Monday, May 02, 2005


The UK’s fifth terrestrial TV channel, mocked for years as an archetype of ‘dumbing down’, is to run a major new series on big ideas that have changed the world – including Christianity, presented by Archbishop Desmond Tutu.

The retired Archbishop, who played a major role in the struggle to overthrow apartheid in South Africa, has been chosen to represent the global significance and reach of Christian faith. Tutu is a household name to millions, and he is popular with many people who are otherwise turned off by what is seen as an 'institutional religion'.

Christianity is often depicted as yesterday’s thing or as a victim of secularisation in the West. But it is still the world’s largest religion with 2.2 billions adherents, and in many parts of the globe it is growing fast.

The Archbishop will present the Gospel of Jesus as a message of radical change for people and for societies. He will emphasise justice, peace and forgiveness at its core. But he will not hide from Christianity's betrayals and problems.

The six 45-minute Channel Five programmes adopt an ‘essay’ format, and feature key public figures talking about major issues. In addition to Archbishop Tutu, these include former Soviet leader Mikhail Gorbachev, who will explore the rise and fall of communism.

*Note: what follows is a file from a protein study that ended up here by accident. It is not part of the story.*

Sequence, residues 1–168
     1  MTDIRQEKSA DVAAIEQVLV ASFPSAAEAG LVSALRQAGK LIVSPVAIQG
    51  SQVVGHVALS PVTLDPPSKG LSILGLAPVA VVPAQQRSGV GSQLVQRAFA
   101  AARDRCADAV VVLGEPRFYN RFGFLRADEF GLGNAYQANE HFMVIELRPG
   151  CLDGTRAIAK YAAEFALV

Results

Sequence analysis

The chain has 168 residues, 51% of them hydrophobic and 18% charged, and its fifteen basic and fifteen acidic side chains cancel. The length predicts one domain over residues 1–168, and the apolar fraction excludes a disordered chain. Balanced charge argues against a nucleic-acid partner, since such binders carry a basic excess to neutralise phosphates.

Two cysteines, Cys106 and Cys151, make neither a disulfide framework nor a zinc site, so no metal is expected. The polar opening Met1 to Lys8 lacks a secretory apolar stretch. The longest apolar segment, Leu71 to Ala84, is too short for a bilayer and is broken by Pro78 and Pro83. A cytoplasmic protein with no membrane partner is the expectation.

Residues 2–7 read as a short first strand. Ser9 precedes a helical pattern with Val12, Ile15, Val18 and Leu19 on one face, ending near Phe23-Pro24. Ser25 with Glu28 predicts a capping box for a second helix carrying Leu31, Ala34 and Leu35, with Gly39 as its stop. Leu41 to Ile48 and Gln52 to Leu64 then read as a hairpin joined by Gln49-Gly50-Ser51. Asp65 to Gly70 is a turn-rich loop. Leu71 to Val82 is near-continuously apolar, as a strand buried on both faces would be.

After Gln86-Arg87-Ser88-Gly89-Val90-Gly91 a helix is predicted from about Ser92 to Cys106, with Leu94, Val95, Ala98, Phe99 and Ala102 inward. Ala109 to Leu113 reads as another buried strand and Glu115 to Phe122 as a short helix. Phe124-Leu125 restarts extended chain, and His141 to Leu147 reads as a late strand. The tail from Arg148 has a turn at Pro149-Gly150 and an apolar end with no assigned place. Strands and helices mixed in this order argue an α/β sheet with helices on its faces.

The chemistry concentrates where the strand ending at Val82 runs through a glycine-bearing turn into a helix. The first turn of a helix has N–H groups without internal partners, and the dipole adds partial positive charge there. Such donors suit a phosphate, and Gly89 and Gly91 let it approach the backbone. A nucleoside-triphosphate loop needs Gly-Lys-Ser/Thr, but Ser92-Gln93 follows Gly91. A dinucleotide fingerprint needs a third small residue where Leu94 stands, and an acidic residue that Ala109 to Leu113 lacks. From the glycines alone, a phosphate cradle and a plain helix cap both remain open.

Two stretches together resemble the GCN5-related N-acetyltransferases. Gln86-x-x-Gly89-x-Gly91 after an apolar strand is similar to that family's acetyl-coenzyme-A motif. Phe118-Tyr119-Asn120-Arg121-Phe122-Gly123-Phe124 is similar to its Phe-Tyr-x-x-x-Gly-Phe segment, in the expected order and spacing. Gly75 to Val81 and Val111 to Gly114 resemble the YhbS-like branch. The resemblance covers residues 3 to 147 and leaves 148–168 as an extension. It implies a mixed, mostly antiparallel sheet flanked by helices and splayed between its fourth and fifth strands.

Other presenters include ex-Labour minister Tony Benn on democracy, academic and cultural commentator Germaine Greer on feminism, economist and critic of neo-liberalism Joseph Stiglitz on capitalism, and controversial scientist Bjorn Lomborg on environmentalism.

Channel 5, better known for programmes like ‘Celebrity Detox’ and ‘Cosmetic Surgery Live’, say that the ‘Big Ideas That Changed the World’ series offers a chance to hear people talk about important world views in a way not usually allowed by our sound-bite culture.

“Throughout the history of television there has been a noble tradition of authored documentaries, but this type of series seems to have fallen out of fashion in recent years,” a Channel 5 spokesperson told the Observer newspaper at the weekend.

The programmes are a challenge to the BBC, which has been criticised for pushing many of its more thought-laden programmes off its terrestrial service. The series will start at 19:15 on 31 May 2005. [via Ekklesia]

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